A judge ruled Wednesday that hospital technician Randy Powers, charged with injecting a near-fatal dose of the heart drug Lidocaine into a Van Nuys infant, should stand trial for assault with a deadly weapon and practicing medicine without a license.
At a preliminary hearing, Van Nuys Municipal Court Judge Judith Meisels Ashmann said that the evidence presented against the 26-year-old Encino man warranted the charges, which carry a maximum state prison term of seven years and eight months. Ashmann set the trial date for Feb. 6.
Detective P.J. Quartararo of the Los Angeles police testified that Powers admitted injecting the drug into 11-month-old Sarah Mathews, who was rushed to Northridge Hospital Medical Center Sept. 10 after she began experiencing seizures.
Quartararo showed the court a statement signed by Powers in which he admitted stealing both the Lidocaine and the syringe from Queen of Angels Medical Center in Los Angeles, where he worked as a trainee during the summer of 1983.
"He indicated that he did not know what the (drug's) effect was, or how much he gave her," Quartararo testified.
However, in an interview after the hearing, Powers charged that Dr. Daniel Wiseman, a pediatrician who treated the girl on the day of the incident, administered the drug in the hospital emergency room.
"I witnessed Dr. Wiseman inject Lidocaine in her spine," said Powers, who took the girl to the emergency room and remained there during her treatment. "I did not inject her with any drug. It was Dr. Wiseman. I saved this little girl's life."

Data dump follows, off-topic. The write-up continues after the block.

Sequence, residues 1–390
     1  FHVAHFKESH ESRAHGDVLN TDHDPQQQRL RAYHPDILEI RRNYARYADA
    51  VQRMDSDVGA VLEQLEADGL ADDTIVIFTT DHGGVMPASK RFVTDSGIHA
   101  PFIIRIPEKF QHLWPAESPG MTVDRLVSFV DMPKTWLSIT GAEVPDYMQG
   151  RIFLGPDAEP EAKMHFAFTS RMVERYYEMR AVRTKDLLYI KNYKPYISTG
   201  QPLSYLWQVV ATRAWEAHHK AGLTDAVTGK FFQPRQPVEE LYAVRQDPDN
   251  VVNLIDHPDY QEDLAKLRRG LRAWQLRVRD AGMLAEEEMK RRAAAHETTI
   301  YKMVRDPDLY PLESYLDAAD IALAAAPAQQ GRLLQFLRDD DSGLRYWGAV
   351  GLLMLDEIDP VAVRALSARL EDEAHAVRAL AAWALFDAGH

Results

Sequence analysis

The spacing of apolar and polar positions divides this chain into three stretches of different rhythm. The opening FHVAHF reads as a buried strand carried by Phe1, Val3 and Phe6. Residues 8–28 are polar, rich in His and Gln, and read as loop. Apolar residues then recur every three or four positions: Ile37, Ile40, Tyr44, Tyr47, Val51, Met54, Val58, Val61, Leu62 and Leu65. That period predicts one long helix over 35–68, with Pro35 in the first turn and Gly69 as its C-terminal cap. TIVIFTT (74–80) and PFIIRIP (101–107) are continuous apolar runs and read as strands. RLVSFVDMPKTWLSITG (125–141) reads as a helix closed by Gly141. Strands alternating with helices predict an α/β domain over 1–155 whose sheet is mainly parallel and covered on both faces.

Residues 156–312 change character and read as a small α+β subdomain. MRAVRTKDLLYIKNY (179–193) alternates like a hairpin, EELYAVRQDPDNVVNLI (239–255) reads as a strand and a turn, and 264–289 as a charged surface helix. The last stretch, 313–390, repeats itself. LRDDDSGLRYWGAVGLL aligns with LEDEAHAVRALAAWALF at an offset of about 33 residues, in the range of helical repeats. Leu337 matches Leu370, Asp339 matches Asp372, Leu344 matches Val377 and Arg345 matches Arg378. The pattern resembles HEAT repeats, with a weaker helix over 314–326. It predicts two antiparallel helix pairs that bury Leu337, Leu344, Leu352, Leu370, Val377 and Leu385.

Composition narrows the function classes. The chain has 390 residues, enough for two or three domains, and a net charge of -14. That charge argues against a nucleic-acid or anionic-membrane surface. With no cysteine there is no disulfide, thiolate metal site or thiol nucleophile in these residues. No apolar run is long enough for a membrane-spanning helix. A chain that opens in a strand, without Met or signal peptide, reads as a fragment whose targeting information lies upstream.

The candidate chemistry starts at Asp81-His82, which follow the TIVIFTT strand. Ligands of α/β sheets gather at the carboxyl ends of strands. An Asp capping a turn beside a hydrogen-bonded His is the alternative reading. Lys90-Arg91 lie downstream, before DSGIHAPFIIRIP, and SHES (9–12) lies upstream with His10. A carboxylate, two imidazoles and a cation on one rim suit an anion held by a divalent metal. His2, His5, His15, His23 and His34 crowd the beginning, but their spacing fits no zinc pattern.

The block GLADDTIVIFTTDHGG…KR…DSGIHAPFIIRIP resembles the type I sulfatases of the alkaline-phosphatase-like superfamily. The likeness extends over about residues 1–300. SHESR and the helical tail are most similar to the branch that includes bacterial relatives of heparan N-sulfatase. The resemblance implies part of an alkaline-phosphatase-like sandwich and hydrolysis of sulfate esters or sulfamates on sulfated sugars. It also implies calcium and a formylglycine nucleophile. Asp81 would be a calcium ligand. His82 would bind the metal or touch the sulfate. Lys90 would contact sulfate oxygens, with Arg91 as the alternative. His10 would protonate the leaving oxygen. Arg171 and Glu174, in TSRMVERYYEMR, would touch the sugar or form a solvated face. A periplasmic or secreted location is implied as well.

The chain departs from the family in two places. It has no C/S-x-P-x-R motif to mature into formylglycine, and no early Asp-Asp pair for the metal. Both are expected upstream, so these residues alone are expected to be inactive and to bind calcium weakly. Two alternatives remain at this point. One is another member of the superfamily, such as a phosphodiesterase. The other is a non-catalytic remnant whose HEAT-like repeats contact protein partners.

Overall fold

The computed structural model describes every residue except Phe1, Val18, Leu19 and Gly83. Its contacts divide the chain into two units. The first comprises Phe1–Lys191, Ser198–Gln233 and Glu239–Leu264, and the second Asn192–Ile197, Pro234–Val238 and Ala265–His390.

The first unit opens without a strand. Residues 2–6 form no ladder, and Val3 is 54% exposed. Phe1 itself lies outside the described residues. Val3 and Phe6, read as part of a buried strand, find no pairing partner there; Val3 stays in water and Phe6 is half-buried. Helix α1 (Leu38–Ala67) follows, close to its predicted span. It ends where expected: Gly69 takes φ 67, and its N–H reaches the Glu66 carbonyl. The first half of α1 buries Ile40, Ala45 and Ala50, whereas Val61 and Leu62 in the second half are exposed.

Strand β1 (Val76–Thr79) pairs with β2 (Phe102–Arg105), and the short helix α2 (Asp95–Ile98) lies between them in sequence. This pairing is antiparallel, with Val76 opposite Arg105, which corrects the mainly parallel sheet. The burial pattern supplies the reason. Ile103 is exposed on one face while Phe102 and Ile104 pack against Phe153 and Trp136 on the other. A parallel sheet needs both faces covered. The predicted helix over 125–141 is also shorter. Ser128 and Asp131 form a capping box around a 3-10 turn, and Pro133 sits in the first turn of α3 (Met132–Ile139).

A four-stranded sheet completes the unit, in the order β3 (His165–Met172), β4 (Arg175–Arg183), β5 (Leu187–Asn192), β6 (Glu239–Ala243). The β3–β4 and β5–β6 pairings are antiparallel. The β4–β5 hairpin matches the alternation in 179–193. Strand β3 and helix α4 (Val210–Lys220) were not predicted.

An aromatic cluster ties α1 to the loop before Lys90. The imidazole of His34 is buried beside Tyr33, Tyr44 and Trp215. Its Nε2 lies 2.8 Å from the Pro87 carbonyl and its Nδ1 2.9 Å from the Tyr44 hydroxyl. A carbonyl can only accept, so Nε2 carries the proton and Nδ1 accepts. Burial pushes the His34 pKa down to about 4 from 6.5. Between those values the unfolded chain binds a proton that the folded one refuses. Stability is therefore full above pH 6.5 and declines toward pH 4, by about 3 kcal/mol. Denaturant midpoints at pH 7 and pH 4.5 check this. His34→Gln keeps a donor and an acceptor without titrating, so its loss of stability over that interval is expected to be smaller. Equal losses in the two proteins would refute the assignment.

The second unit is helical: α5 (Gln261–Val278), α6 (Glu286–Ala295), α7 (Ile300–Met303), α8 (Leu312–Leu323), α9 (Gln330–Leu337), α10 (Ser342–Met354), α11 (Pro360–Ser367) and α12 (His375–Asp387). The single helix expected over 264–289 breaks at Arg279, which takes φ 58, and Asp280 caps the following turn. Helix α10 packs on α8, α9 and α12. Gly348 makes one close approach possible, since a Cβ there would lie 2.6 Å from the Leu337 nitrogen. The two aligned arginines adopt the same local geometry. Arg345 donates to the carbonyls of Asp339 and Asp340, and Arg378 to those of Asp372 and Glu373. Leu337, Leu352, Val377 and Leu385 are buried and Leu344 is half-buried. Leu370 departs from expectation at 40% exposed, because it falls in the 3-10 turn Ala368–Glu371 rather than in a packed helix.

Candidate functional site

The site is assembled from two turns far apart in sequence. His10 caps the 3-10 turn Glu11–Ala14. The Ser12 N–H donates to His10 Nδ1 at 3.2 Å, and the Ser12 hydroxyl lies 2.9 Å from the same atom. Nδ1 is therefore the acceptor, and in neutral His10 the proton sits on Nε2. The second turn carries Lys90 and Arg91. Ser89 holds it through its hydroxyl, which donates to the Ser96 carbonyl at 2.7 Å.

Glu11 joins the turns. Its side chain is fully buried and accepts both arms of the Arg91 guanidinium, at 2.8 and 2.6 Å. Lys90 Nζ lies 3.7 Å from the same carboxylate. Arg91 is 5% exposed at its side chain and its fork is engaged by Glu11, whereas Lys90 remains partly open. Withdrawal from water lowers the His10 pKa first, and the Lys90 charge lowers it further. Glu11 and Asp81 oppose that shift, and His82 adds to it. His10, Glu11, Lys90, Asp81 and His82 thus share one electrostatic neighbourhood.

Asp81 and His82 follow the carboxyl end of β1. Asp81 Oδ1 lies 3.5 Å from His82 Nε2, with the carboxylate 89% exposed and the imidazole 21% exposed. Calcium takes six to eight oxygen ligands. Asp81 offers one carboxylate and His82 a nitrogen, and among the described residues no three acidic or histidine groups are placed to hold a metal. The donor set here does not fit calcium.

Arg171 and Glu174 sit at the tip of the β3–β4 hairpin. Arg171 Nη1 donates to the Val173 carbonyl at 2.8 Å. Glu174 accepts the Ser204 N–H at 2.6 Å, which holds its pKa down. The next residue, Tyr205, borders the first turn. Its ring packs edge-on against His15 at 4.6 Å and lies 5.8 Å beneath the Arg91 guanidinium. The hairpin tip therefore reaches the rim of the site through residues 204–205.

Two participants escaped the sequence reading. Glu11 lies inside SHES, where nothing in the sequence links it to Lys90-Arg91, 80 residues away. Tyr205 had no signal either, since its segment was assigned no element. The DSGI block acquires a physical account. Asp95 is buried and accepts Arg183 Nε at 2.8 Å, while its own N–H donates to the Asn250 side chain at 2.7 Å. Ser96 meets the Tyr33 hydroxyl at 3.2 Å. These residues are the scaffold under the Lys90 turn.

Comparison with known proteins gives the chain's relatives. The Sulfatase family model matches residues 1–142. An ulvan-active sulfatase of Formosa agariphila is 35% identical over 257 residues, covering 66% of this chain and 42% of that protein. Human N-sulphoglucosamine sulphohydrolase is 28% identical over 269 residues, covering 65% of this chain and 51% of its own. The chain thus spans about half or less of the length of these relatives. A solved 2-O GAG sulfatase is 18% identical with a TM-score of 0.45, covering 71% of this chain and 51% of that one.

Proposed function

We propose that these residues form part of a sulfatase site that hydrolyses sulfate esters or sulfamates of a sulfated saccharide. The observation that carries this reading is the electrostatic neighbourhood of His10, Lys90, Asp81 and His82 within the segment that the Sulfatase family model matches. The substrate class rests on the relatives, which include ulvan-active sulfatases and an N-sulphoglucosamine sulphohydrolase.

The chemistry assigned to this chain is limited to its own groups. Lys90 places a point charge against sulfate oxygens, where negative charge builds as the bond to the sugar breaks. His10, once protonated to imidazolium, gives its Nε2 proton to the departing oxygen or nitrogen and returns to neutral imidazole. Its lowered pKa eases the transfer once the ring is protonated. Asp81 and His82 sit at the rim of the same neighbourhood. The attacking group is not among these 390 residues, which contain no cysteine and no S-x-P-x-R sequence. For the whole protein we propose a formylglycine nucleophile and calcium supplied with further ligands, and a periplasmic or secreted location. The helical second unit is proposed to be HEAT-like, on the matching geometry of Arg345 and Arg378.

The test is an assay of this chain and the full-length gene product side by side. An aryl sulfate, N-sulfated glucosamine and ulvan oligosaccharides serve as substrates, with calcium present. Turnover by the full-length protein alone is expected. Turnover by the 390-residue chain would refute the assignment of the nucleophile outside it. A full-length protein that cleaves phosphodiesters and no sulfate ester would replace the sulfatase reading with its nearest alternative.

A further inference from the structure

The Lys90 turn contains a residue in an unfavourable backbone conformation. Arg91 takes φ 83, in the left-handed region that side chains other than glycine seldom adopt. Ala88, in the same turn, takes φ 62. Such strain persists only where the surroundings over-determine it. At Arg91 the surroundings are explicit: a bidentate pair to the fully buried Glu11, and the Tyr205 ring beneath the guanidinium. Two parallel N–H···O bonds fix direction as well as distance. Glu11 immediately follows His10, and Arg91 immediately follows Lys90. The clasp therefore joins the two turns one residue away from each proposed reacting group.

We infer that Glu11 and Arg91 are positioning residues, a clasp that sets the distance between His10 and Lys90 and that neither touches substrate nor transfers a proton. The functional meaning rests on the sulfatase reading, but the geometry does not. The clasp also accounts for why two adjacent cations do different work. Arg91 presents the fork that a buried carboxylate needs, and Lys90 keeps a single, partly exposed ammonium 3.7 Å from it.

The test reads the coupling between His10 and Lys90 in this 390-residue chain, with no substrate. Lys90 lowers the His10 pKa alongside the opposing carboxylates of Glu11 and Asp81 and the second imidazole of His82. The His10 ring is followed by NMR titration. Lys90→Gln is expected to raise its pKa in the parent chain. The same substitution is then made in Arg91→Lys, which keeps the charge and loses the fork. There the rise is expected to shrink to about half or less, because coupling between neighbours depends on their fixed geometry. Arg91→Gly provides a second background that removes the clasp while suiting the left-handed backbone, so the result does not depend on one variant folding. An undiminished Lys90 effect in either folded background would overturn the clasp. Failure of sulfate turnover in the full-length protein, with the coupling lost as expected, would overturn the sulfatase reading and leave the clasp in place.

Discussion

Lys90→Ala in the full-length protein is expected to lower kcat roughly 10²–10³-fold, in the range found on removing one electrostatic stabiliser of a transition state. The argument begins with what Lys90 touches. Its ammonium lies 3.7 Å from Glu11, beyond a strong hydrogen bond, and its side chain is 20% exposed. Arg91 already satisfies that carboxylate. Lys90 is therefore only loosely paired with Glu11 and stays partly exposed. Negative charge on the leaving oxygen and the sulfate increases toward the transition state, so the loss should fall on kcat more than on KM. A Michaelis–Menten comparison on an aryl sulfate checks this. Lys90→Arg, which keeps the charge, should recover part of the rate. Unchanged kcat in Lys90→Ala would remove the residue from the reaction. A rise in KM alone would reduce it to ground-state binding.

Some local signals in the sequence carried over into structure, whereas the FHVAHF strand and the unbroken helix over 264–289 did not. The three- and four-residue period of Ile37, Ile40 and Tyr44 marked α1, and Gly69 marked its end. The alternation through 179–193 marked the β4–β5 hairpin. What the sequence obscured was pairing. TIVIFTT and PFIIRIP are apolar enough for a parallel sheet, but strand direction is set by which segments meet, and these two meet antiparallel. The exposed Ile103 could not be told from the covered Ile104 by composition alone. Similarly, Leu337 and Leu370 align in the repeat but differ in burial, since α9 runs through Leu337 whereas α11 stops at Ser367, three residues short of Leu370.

Wiseman could not be reached for comment on Powers' allegation, but Deputy Dist. Atty. Michelle Rosenblatt said, "There are other doctors, nurses, records corroborating that Dr. Wiseman did not inject any Lidocaine. It's a basic defense that will be disproved during trial."
Powers has maintained that, on the day of the injection, Sarah was bitten by a spider at the home of his mother, Hazel Powers, who was baby-sitting the girl.
After Sarah started to develop convulsions, Powers said, he administered mouth-to-mouth resuscitation and then drove her to the Northridge hospital.
At the hearing, Dr. John Arterberry said that while treating Sarah, who was unconscious, he noticed a swollen, reddened area on the girl's right thigh that had "characteristics not like a spider bite, but looked like an injection mark from a needle."
Wiseman, who also saw Sarah at the hospital that day, testified that he also believed that the redness was the result of an injection because there was "only one mark instead of two," as in an insect bite. "That led us to think it was a hypodermic needle mark," he said.
A subsequent blood test indicated a high and concentrated dose of Lidocaine, Northridge Hospital medical technologist Louise McCausland testified.
Wiseman said the amount of Lidocaine in the baby girl's body "could have killed her. It was well into the fatal range."
Sarah was released from Northridge Hospital Oct. 8, after having undergone a tracheotomy to keep her breathing passages open after the drug overdose. Now 15 months old, she has "almost fully recovered," said her father, Brian Mathews, who was in the courtroom Wednesday.
Other Deaths Probed Powers is also being investigated in connection with the deaths of several elderly patients at Queen of Angels Medical Center and Sherman Oaks Community Hospital, according to the district attorney's office. The deaths were originally attributed to natural causes.
Powers had been employed by both hospitals in 1983 and 1984, according to hospital records. Brian Kelberg, chief of the district attorney's medical-legal section, said Wednesday that four bodies have been exhumed as part of the investigation.
Powers, who was arrested Sept. 13, was released on $20,000 bail in October.